Saturday, 15 May 2010

Truth and Politicians

I should have known. The words of a politician are never to be taken at face value, as exemplified in the latest talk on "strong government". It has transpired - not too surprsingly - that the right do not trust the existing tools of democracy and want more security for their government by changing the statute book. There's even objection within their own ranks.on this, so it must be a serious issue! The question is, will the government whip strengthen itself to impose unanimity on the recalcitrant, and thus remove the obstacle? I fear there's little doubt on that issue.

What has the electorate done? Politics is now about about a type of politician that looks good and talks glibly - to get the public's attraction and the vote. Further, it has been reported that Cameron's advisors told him "not to sound too Tory". Meanwhile, the erstwhile prime minister - with grey-hair and sagging eyes after devoted worry about serving to the best of his ability - gets labelled as "tired" and "out of touch" etc. And they said that he was "not an elected leader of the country". Well, is Cameron? Of course not, but that issue is pushed down.

Heseltine has said it about his own party ... in twelve months, this government will be very unpopular because of the decisions it will "have to" make. Trouble is, there'll hardly be a way of getting them out until the full end of their term once they've changed the statute book.

The Lib-Dems have been ensnared ... as have the British public. I may be taking matters to the extreme, but I now wonder what could be the next cue; perhaps the appointment of a stasi-style police squad and a knock on the door of any writers of blogs such as this.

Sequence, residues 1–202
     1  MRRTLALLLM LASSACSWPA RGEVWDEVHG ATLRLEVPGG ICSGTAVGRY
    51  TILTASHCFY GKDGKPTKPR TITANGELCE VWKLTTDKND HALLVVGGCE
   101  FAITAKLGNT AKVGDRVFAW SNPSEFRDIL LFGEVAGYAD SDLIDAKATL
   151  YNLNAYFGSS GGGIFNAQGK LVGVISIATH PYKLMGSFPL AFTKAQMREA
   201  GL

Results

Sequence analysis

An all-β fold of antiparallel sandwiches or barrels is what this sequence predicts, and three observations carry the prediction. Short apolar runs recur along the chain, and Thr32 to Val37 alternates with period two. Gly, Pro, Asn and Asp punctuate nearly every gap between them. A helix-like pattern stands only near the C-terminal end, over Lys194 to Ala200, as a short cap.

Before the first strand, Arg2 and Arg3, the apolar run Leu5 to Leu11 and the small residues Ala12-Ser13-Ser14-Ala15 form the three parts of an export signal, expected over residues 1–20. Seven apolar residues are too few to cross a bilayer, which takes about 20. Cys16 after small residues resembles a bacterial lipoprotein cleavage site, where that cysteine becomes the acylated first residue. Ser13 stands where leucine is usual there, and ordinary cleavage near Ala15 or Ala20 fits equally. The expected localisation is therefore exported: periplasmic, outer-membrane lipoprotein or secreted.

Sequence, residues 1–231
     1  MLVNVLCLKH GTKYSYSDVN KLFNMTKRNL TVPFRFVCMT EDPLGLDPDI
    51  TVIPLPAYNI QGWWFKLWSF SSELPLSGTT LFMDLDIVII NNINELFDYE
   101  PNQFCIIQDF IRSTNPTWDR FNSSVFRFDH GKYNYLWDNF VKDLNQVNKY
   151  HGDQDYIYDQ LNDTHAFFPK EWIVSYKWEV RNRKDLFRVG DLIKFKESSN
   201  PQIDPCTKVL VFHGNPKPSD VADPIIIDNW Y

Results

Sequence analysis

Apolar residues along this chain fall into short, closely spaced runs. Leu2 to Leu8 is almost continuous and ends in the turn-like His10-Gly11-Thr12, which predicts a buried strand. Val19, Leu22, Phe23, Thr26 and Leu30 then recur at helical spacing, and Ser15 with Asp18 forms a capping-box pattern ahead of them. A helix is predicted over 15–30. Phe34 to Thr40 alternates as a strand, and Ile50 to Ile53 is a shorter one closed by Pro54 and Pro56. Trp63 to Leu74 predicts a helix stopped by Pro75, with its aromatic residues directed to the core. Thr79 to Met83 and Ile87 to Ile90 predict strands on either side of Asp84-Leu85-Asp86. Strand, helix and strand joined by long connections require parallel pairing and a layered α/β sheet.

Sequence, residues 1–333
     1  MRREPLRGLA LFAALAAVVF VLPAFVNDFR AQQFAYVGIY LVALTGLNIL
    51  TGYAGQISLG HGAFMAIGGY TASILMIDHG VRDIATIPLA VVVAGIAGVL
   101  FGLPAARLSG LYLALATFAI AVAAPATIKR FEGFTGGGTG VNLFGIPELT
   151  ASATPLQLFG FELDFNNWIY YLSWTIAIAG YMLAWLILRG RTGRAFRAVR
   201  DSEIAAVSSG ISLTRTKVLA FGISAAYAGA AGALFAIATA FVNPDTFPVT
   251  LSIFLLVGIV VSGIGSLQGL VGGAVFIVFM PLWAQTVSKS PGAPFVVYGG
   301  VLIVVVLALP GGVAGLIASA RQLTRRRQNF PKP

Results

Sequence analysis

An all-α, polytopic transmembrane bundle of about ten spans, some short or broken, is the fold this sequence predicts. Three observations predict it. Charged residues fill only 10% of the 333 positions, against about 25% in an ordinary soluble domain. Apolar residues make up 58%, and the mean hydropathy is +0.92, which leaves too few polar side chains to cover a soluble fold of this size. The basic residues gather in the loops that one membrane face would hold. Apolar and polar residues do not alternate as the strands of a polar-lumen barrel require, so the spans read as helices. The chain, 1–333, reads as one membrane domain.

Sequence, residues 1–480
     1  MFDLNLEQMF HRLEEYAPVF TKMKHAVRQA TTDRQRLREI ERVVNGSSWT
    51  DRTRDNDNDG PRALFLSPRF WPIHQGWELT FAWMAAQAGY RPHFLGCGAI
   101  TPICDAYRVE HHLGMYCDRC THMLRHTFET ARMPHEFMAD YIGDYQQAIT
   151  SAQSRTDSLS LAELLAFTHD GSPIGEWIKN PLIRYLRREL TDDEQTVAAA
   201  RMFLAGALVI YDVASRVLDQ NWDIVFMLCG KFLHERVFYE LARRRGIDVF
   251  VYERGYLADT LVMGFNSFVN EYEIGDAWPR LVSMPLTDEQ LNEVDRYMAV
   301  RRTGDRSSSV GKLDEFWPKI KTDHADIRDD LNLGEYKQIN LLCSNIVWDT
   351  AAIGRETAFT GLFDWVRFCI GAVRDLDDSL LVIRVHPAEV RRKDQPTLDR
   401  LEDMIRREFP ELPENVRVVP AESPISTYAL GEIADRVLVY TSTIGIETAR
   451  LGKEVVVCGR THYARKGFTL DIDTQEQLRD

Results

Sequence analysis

The real culprit, however, is not the government that has assumed power, but us ... the very people that have put them there through our own gullibility and the block of "haves" that voted against the split vote of "have nots" and do-gooders.

Perhaps Cameron does not intend it; perhaps I am unfair. But this fair isle could quite easily be making a turn towards the worst of scenarios - a totalitarian state. Not just because of what is going on at home, but how the rest of the world is turning.

But there is a cure for all this ... the rejection of all this as being important and turning within instead. And conducting a dialogue with Truth.

Friday, 14 May 2010

The Reaction

Watching the Beeb's 'Question Time' last night brought it home to me how many voters think they have been sold down river into this coalition. 'We didn't vote for this!', they cried. But they did (vote for that) because that's how the voting came out.

Because of history, and the fact that the Liberals have never been good bed-fellows with the Tories, the current situation does not look appetising, but we all just have to swallow our indignation and let us see what transpires. Yes, I think there is a case for saying that the Liberals have been used and that their participation in the end will count for nothing except serving the Tory cause. But ... some coalition had to come out of the electors' muddle, and this is it. We've got it.

Malcolm Heseltine, however, made it painfully clear that in 12 months time the (his) new government would not be popular because of the 'difficult' decisions it is about to make. If such 'difficult' decsions include swingeing job cuts in the public services, will the acceptance of the Liberals no-tax under £10k policy be seen as part of the cause for such 'difficult' decisions?

It could just be that in a year or two, Gordon Brown's departure might be seen as premature. He understands the ordinary voter (draped in delusions of grandeur that they might be) as opposed to a privileged new joint leadership that does not know the meaning of difficulty in the home.